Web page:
Author(s): Barbeau D, Liang JJ, Robitalille Y, Quirion R, Srivastava LK
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Abstract The regulated expression of neural cell adhesion molecule (NCAM) isoforms in the brain is critical for many neurodevelopmental processes including neurulation, axonal outgrowth, and the establishment of neuronal connectivity. We have investigated the expression of the major adult isoforms of NCAM (NCAM-180, NCAM-140, and NCAM-120) and its embryonic highly polysialylated isoform (PSA-NCAM) in the hippocampal region of postmortem brains from 10 schizophrenic and 11 control individuals. Immunohistochemical analysis with a monoclonal antibody recognizing the PSA-NCAM revealed immunoreactivity primarily in the dentate gyrus and in a subset of cells in the hilus region. We have observed a 20-95\% reduction in the number of hilar PSA-NCAM-immunoreactive cells in the great majority of schizophrenic brains. The change in PSA-NCAM immunoreactivity is not obvious in other hippocampal subfields. Western blots of tissues from the hippocampal region (as well as from the frontal cortex) probed with a polyclonal antibody recognizing all NCAM isoforms did not reveal significant changes in the overall expression of NCAM, suggesting that the decrease in PSA-NCAM-immunoreactive cells may be related to post-translational processing of the molecule. The expression of this embryonic form of NCAM has been proposed to be related to synaptic rearrangement and plasticity. Therefore, the decrease in PSA-NCAM immunoreactivity in schizophrenic hippocampi may suggest an altered plasticity of this structure in a large proportion of schizophrenic brains. These findings may bear significance to the "neurodevelopmental hypothesis" of schizophrenia.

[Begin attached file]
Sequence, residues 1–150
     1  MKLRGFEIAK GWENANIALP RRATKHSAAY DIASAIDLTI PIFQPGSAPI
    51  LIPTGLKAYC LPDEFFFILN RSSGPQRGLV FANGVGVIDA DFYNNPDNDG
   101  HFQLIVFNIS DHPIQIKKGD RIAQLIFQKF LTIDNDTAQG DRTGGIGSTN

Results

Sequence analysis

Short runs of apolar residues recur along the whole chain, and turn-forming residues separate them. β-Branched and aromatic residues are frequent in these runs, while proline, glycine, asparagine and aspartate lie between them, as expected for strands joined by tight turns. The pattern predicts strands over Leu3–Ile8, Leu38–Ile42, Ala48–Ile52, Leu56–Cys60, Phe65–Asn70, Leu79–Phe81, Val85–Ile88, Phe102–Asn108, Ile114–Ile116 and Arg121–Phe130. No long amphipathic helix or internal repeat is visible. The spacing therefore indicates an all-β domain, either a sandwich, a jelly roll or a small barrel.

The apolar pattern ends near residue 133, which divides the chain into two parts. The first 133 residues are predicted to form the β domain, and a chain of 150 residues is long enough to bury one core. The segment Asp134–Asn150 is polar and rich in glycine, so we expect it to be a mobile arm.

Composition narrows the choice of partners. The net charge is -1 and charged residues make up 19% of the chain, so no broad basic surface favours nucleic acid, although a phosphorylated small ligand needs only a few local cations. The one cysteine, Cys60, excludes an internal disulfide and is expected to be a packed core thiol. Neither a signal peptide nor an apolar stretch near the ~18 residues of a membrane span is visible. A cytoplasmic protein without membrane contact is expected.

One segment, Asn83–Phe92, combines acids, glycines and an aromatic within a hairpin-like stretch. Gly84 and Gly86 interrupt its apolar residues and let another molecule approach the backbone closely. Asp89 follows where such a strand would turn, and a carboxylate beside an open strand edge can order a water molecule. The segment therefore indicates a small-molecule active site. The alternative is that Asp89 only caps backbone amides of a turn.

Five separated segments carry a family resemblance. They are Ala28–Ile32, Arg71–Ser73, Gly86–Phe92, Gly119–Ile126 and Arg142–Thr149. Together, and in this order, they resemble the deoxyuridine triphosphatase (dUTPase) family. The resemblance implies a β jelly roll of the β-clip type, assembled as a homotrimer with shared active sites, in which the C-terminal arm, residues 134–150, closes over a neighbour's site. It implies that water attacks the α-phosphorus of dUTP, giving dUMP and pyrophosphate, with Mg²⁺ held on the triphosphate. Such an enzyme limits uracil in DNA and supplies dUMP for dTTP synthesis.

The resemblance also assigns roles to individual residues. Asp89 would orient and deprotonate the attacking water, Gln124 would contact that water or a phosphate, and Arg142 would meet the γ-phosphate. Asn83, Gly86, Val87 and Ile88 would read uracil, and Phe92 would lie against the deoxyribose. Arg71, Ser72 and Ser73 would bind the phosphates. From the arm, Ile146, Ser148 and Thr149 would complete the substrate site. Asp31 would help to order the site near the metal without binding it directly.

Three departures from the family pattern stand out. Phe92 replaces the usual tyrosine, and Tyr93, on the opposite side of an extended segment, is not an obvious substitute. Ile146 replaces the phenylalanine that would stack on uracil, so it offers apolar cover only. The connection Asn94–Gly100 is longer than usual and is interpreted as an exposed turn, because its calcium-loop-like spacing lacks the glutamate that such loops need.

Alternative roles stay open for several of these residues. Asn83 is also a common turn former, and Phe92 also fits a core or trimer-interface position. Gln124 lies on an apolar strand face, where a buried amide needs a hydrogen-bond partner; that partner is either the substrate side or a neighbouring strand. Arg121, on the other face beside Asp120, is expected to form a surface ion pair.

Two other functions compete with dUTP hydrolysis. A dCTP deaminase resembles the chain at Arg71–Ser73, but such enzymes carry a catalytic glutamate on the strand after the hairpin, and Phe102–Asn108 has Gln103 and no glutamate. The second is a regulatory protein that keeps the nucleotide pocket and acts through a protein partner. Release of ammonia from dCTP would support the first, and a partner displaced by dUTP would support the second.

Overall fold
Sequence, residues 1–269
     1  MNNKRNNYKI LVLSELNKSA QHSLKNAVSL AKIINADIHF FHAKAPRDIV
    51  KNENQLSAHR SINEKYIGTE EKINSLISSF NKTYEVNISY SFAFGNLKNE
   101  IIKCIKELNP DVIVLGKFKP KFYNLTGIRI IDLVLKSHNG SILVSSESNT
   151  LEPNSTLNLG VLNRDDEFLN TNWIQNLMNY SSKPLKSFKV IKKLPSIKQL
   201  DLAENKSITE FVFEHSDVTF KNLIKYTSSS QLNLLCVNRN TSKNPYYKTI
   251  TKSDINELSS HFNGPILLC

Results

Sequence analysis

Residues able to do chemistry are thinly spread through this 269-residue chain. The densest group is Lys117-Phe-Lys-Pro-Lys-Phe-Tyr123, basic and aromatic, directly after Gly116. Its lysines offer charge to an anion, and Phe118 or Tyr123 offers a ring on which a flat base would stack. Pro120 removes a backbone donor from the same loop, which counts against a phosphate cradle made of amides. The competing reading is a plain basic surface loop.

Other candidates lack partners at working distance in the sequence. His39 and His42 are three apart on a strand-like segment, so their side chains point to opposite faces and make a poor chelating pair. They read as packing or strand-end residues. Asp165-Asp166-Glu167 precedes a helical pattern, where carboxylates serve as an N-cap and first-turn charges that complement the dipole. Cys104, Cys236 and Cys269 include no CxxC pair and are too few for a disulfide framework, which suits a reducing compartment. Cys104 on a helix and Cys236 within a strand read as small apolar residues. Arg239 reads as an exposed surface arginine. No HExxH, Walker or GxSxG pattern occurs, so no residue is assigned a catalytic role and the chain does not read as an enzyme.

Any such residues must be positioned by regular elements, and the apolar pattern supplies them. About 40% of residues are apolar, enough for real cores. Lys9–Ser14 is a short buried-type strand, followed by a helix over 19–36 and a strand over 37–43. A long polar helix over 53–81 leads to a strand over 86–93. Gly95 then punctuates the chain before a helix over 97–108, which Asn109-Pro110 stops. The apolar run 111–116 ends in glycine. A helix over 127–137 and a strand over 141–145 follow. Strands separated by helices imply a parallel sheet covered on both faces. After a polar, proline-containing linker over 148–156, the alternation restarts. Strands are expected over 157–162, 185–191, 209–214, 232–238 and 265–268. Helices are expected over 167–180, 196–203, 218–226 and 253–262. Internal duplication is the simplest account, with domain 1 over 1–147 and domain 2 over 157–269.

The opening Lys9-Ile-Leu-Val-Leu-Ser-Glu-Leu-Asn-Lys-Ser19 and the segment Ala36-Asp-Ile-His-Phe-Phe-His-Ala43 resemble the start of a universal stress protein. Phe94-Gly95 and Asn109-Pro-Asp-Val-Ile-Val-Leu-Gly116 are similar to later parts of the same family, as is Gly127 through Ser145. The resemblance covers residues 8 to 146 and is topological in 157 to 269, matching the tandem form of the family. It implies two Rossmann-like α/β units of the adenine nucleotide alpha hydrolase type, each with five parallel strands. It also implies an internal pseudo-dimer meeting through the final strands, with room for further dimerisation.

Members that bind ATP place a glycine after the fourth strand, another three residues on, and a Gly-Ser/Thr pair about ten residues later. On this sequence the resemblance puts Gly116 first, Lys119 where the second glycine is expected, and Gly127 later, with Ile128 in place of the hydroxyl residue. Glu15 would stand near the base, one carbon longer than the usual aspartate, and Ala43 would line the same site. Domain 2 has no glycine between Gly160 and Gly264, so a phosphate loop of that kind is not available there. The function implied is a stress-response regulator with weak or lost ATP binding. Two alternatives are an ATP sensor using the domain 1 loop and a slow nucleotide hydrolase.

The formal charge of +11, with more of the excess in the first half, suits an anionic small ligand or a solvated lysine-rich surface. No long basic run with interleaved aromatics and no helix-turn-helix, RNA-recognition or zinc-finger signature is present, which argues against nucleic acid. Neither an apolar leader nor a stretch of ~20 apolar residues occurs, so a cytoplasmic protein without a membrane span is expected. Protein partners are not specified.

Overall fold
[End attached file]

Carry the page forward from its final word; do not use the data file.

This article was published in Proc Natl Acad Sci U S A
and referenced in Journal of Glycomics & Lipidomics